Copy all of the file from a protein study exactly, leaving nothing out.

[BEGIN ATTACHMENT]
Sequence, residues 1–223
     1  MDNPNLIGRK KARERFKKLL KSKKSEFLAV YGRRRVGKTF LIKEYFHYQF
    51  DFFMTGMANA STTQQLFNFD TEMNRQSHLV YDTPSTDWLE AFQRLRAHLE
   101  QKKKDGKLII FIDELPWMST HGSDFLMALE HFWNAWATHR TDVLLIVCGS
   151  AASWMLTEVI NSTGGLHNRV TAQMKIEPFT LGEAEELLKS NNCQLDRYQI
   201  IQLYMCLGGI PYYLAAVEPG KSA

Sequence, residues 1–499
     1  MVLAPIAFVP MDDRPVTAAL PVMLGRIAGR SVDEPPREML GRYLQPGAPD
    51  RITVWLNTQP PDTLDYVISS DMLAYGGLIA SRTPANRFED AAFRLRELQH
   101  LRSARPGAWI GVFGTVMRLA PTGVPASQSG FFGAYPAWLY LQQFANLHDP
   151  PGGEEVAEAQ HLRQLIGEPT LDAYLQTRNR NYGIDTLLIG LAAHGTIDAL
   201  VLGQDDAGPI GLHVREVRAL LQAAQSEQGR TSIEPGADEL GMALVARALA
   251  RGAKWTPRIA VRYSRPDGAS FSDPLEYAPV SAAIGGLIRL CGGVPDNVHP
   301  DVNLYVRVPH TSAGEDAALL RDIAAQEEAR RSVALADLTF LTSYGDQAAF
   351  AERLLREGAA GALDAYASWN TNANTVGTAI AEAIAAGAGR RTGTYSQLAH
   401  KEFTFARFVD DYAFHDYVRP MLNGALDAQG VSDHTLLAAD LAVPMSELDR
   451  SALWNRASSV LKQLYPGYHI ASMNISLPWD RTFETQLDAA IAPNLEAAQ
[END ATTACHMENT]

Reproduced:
Sequence, residues 1–223
     1  MDNPNLIGRK KARERFKKLL KSKKSEFLAV YGRRRVGKTF LIKEYFHYQF
    51  DFFMTGMANA STTQQLFNFD TEMNRQSHLV YDTPSTDWLE AFQRLRAHLE
   101  QKKKDGKLII FIDELPWMST HGSDFLMALE HFWNAWATHR TDVLLIVCGS
   151  AASWMLTEVI NSTGGLHNRV TAQMKIEPFT LGEAEELLKS NNCQLDRYQI
   201  IQLYMCLGGI PYYLAAVEPG KSA

Sequence, residues 1–499
     1  MVLAPIAFVP MDDRPVTAAL PVMLGRIAGR SVDEPPREML GRYLQPGAPD
    51  RITVWLNTQP PDTLDYVISS DMLAYGGLIA SRTPANRFED AAFRLRELQH
   101  LRSARPGAWI GVFGTVMRLA PTGVPASQSG FFGAYPAWLY LQQFANLHDP
   151  PGGEEVAEAQ HLRQLIGEPT LDAYLQTRNR NYGIDTLLIG LAAHGTIDAL
   201  VLGQDDAGPI GLHVREVRAL LQAAQSEQGR TSIEPGADEL GMALVARALA
   251  RGAKWTPRIA VRYSRPDGAS FSDPLEYAPV SAAIGGLIRL CGGVPDNVHP
   301  DVNLYVRVPH TSAGEDAALL RDIAAQEEAR RSVALADLTF LTSYGDQAAF
   351  AERLLREGAA GALDAYASWN TNANTVGTAI AEAIAAGAGR RTGTYSQLAH
   401  KEFTFARFVD DYAFHDYVRP MLNGALDAQG VSDHTLLAAD LAVPMSELDR
   451  SALWNRASSV LKQLYPGYHI ASMNISLPWD RTFETQLDAA IAPNLEAAQ